Secondly, with great power comes the great responsibility to not be a bloody idiot. And by an idiot, I mean corrupt, I mean opaque, and I mean people who think this is a jackpot. Yes, there’s substantial potential in quidditch financially; I wouldn’t be running a company in the sport myself if I didn’t think that. But there’s also a lingering problem, which is that most people in the sport are new to running a business and new to managing financials. And that is why we have an IQA that can’t collect its own membership fees because several of its composite NGBs think it’s corrupt, or at the very least lacks any capacity to collect money transparently and responsibly, all while it sits on a hoard from World Cup 2016, which, by right, should be somewhere in Uganda right now. That’s why the first thing the Quidditch Premier League did was incorporate as a private limited company in the UK, so our basic accounts can be viewed for free online (and the deadline for filing them is soon, so buckle up), and we’re regulated by both Companies House and HMRC. This is no joke. The community is trusting you, starting your own business within the sport, with their hard-earned cash, which is a pretty big deal. This isn’t something you can half-ass. So don’t, because you will bring down this house of cards for the rest of us.
Thirdly, money can unlock doors that nothing else can. Money doesn’t solve all your problems, but it sure makes things a hell of a lot easier to do so. With more money, we can solve bigger problems. But that ceiling is being reached. You want more game time? Nicer kits? Okay, but would you be willing to pay even more than you currently do to get that? Thought not. And that’s why the biggest opportunity this shift has provided is the drive to bring external partners into quidditch to fund our sport. Once we run out of the ability to get slicker, better, and more professional on the backs of whatever membership fees and other revenue streams the community stumps up, we’re going to need to start looking elsewhere. And that, in my opinion, is the greatest opportunity of all. Because that’s what the next step in the future of our sport is. A move away from community-funded to more diverse, more externally-based revenue streams. Which is going to be bloody hard to accomplish, especially when you factor in the abject lack of spectators most quidditch events can attract. But there is hope — our media presence as a sport is astoundingly consistent, our unique selling point of inclusivity is truly a differentiating (and in-demand) one, and the target audience is young and diverse.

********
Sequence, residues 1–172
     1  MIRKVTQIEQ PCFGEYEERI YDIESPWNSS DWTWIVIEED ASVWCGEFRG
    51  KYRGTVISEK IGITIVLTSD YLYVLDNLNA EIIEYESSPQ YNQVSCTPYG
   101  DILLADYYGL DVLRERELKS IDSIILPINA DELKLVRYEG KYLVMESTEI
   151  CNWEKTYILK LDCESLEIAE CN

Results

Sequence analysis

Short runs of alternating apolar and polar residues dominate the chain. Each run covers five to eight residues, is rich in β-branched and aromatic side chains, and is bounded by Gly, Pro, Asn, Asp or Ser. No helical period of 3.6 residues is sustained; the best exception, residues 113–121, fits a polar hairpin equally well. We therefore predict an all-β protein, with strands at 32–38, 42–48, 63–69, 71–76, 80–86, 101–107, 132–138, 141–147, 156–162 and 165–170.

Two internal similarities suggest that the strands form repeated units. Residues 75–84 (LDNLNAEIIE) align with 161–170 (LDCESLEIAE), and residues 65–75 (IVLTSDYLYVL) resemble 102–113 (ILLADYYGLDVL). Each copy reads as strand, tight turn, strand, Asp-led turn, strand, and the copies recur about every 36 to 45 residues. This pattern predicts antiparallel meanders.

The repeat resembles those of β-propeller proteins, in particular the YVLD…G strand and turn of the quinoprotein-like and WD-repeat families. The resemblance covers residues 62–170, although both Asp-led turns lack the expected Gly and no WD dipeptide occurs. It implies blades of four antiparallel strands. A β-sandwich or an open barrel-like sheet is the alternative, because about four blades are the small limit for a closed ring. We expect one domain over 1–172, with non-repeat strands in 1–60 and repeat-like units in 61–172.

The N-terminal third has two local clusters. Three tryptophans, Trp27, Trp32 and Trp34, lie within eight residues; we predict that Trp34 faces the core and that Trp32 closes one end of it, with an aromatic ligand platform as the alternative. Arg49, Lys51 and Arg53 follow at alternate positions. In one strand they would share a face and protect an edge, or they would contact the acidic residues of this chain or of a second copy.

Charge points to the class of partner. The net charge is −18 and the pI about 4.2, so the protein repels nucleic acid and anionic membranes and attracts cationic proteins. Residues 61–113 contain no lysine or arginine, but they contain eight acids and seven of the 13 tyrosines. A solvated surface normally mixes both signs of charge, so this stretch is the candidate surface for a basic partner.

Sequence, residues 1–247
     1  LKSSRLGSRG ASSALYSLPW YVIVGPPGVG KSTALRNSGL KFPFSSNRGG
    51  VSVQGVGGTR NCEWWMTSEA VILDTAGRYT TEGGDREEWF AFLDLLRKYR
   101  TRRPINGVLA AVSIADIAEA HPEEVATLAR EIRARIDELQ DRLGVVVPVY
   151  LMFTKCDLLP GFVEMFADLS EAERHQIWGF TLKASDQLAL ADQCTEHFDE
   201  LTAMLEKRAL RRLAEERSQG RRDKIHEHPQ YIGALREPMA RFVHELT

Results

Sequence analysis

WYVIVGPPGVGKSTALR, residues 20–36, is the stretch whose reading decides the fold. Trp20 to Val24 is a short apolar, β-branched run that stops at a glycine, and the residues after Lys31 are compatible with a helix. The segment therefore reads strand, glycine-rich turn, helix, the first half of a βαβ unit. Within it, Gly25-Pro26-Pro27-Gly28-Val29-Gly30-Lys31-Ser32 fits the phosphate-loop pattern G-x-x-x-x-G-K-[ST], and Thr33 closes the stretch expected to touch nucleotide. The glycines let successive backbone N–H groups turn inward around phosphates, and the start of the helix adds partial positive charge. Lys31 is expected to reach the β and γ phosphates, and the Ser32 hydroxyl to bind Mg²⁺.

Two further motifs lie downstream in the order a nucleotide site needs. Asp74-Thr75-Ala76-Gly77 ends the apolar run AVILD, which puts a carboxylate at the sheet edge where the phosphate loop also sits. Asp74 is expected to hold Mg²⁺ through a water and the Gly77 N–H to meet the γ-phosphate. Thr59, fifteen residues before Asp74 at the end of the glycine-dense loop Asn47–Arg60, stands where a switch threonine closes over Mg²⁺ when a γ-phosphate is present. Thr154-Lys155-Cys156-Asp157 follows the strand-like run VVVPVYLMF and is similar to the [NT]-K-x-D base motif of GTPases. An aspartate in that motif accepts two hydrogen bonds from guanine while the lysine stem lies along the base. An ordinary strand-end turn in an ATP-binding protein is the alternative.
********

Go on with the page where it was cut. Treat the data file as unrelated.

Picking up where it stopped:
This means we can offer backers significant exposure. A good social media account will add reach, statistics, and audience demographic data that will only enhance partnership proposals, while media presence shows the ability to reach beyond our core audiences. Furthermore, our inclusivity banner is an attractive proposition for brands that may not currently be as popular among youth or liberal audiences. Quidditch offers that sector on a plate, and then asks if they’d like seconds; once organisations start leveraging that more effectively, I expect to see a leap in partnerships for both organisations and teams. Finally, it goes without saying that there is the potential for profit. Currently, most organisations, run exclusively on volunteer labour, break even or make a minimal amount of profit that gets reinvested in the organisation itself. Eventually, however, I think people will see the potential of serious investment in the sport, and the profitability that could come from an international venture. Not only would there be the traditional revenue streams (merchandise, tickets, and so on), but the highly digitally-based nature of our sport lends itself to new and exciting opportunities on smarter, newer platforms.
Make no mistake, we’re gearing up for a new wave of ideas to build cash flow into the sport. Think you’ve seen this community be innovative so far? Get ready for real entrepreneurship. The future is bright, green, and maybe, just maybe, you won’t have to pay for it yourself.